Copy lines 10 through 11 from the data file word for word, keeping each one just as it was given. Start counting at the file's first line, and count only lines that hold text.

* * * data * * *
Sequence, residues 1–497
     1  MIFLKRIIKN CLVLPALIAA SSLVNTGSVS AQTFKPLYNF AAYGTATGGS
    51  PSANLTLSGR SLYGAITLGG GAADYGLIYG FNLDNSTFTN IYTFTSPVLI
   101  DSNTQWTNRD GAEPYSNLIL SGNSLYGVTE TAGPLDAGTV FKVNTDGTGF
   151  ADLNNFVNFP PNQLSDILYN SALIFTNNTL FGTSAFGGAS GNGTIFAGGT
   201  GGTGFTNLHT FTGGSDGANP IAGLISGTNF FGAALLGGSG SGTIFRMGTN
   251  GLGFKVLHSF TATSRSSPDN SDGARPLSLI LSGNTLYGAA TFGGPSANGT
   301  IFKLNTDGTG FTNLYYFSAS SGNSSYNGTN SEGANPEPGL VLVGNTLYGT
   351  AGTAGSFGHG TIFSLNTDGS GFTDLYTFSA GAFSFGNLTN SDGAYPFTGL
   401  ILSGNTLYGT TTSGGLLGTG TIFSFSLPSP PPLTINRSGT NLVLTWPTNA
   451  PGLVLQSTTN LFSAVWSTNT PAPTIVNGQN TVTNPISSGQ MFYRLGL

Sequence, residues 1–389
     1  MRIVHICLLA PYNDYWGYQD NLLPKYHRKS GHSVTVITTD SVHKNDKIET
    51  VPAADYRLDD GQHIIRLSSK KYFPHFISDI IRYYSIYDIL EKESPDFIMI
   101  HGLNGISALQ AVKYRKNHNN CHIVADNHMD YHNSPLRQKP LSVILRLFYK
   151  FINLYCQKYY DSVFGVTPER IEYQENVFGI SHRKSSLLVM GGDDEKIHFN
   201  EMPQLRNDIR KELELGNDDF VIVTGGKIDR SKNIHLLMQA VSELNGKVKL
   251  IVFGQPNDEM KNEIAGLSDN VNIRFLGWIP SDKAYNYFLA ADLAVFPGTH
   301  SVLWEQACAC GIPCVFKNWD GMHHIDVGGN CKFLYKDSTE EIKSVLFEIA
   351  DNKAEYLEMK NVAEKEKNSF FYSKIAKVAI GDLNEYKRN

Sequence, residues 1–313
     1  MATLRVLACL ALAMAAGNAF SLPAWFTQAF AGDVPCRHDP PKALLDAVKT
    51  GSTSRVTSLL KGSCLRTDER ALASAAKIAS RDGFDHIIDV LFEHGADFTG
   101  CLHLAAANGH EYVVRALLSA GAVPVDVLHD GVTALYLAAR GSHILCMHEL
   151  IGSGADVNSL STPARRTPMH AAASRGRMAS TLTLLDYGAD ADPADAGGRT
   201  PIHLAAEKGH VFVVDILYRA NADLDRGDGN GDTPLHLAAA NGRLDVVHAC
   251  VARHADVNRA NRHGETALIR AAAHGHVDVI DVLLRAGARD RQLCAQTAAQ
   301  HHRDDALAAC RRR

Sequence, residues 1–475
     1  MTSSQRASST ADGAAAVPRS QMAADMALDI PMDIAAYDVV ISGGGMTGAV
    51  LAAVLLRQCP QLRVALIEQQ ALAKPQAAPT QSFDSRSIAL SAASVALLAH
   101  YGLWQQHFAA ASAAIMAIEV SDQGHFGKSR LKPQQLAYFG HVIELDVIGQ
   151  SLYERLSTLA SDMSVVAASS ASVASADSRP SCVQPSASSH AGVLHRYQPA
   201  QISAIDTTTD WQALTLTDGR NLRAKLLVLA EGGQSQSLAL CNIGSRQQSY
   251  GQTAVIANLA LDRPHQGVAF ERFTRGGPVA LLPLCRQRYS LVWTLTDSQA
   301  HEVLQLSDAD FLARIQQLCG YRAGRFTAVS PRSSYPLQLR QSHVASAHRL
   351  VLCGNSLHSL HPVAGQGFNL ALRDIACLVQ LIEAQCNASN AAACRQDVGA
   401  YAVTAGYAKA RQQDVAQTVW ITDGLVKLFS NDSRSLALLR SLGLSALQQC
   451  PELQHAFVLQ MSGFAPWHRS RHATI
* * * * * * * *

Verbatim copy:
   401  ILSGNTLYGT TTSGGLLGTG TIFSFSLPSP PPLTINRSGT NLVLTWPTNA
   451  PGLVLQSTTN LFSAVWSTNT PAPTIVNGQN TVTNPISSGQ MFYRLGL